Fossil Gen 5 review: Google’s Wear OS smartwatch at its best


The Fossil Gen 5 is easily the best Wear OS smartwatch you can buy at the moment, and as long as you don’t expect it to be an Apple Watch-beater, it gets the job done and looks the part.

Smartwatches that run Google’s Wear OS software have come in many different designs from various different manufacturers, and work with both Android and the iPhone. But they have long been plagued by sluggishness, poor battery life and a software experience that is behind the competition.

Fossil Group, which includes the signature Fossil brand and many others such as Michael Kors, Diesel, Misfit and Skagen, has been making the best of Wear OS, but often that simply hasn’t been good enough.

Fossil’s fifth-generation smartwatch, the Gen 5, is important for the whole of Wear OS, as its internal workings will also form the basis of all of Fossil Group’s various smartwatches this year.

A watch made by a watchmaker

The Gen 5 is a good-looking watch in its own right, with various different colours, finishes and straps available. It doesn’t immediately scream that it’s a piece of technology, which is a good thing.

At 12mm thick and 44mm wide the watch isn’t small, but it looks fairly slim, easily fits under a shirt cuff and doesn’t look out of place on relatively small wrists.

The 1.28in AMOLED screen is crisp, clear and bright enough to see in direct sunlight with automatic adjustment. It’s on all the time by default so you can see the time and notifications at a glance.

Fossil provides loads of highly customisable watch faces, most of which look really good, plus there are hundreds more on the Play Store. There’s a speaker hole in one side of the watch with two buttons that launch your choice of apps and one rotating crown on the other.

As a watch, then, it ticks most boxes.

The Gen 5 manages to banish the issues of poor performance and battery life of Wear OS to the past. Performance is good, if not quite on par with the Apple Watch Series 5, with no noticeable lag or dip in speed in general usage, helped by the 1GB of RAM and newer Snapdragon Wear 3100 processor.

Battery life is also improved, lasting at least a day with the “Daily” mode activated, which turns on all the functions. Put on my wrist at 7am with background heart rate monitoring, the Gen 5 ends the day at 11pm with at least 25% battery left – a marked improvement over most Wear OS watches that struggle to make it through a full day.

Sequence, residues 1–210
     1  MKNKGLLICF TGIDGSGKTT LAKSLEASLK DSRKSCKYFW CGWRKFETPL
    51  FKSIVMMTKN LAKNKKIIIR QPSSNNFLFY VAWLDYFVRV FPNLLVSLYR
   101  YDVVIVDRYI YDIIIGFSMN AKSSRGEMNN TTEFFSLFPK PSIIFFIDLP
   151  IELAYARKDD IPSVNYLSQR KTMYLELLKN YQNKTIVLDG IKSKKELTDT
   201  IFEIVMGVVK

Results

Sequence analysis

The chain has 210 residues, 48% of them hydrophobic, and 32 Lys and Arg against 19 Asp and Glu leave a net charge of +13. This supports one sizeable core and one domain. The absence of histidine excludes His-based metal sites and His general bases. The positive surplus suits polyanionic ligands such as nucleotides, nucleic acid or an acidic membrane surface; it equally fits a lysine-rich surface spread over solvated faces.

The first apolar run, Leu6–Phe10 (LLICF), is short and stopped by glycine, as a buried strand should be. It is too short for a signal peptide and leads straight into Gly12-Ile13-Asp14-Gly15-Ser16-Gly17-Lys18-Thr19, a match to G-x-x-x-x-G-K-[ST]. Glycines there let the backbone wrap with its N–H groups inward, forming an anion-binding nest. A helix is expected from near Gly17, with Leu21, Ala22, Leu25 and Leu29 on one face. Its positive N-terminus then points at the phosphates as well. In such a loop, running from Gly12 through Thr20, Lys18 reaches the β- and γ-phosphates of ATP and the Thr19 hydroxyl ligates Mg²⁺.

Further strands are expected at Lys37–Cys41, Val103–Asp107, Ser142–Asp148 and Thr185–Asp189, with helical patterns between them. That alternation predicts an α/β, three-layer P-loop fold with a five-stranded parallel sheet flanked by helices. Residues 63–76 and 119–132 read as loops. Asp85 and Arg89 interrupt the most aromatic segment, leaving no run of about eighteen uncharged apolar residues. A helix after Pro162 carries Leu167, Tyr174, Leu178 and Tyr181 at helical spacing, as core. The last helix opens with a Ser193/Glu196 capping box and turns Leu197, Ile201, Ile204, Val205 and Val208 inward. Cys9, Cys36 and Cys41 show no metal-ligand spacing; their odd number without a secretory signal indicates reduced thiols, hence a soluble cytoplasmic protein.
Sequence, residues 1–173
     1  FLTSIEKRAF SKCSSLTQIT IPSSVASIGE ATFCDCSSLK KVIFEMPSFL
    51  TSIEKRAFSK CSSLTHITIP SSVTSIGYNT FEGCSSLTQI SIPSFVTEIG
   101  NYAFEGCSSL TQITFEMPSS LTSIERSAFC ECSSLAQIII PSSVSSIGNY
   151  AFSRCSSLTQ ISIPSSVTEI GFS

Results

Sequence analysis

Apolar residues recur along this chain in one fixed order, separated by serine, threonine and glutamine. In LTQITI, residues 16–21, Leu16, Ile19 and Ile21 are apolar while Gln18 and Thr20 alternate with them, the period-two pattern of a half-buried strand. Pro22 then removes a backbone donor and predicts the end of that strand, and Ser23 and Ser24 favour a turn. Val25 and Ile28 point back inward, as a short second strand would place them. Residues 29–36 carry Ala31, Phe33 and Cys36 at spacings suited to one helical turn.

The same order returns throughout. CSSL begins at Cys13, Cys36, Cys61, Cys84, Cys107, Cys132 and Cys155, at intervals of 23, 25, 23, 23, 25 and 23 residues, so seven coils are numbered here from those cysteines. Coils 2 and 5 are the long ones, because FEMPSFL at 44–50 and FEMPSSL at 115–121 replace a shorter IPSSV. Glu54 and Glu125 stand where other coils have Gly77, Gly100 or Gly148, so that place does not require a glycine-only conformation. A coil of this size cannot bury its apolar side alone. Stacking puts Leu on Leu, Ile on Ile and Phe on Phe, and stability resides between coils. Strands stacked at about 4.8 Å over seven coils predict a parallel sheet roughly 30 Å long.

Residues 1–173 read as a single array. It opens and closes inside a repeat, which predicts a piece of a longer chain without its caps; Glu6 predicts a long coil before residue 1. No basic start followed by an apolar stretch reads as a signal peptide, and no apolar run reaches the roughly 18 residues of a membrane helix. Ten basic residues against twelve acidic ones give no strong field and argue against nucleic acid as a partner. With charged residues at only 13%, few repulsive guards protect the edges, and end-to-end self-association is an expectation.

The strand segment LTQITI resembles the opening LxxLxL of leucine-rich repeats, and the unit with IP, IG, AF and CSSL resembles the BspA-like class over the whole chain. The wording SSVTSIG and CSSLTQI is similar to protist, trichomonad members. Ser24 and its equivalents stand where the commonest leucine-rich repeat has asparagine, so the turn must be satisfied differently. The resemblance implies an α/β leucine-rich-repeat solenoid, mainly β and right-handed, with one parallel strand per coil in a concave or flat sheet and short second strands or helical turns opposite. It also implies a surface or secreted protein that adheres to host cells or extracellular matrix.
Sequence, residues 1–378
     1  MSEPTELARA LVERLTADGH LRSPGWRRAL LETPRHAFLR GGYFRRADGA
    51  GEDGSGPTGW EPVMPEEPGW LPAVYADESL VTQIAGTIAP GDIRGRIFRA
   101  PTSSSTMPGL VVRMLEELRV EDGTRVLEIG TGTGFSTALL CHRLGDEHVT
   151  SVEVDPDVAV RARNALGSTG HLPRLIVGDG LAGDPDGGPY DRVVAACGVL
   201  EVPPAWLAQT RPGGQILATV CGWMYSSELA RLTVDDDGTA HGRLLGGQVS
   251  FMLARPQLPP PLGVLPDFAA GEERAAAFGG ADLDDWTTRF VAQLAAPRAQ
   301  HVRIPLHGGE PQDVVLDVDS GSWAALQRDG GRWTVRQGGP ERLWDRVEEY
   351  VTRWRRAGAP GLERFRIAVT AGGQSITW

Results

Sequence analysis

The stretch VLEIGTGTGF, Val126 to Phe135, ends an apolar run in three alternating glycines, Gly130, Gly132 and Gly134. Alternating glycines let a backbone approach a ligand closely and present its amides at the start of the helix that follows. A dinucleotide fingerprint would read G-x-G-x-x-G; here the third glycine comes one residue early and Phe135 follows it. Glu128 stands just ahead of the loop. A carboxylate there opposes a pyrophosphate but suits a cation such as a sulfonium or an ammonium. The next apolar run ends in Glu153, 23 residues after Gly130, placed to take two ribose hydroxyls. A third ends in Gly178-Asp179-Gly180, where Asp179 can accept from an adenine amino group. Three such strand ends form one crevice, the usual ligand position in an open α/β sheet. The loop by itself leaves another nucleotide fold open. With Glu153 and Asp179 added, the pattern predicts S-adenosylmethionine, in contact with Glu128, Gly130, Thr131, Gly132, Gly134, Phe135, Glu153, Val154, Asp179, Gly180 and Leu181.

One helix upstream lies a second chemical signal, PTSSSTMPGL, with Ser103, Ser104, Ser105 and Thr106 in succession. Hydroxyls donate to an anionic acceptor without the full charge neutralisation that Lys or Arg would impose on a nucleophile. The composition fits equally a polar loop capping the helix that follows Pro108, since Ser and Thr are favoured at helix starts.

The “Extended” battery mode, which turns off some of the features including the always-on screen, lasts more than two days between charges, while time-only mode lasts much longer still.

Charging takes just over an hour via the small white magnetic USB puck that attaches to a ring to the back.

It’s worth noting that while the watch comes with a two-year warranty, Fossil said the battery cannot be replaced, meaning the watch is ultimately disposable.

Wear OS

Wear OS has improved over the last year, but simply isn’t as feature-complete or as slick as Apple’s watchOS or Samsung’s Tizen on their respective watches.

You navigate via swipes on the screen. Left to right for Google Assistant. Right to left for various widgets for things such as timers, Google Fit and others called Tiles. Swipe up from the bottom for notifications and other bits. Swipe down from the top for quick settings, such as airplane mode, volume, battery modes and Google Pay. Long-press on the watch face to change it.

Press the crown in to access a list of apps or go back to the watch face. Swipe from left to right typically works as the back button on Android. It’s fairly simple and easy to get the hang of.

Notification handling is where Wear OS shines. Notifications pop up from the bottom and can be dismissed, expanded to read the text of emails or WhatsApps, or actioned with the same options as available via the notification shade on your phone such as archiving with Gmail or similar.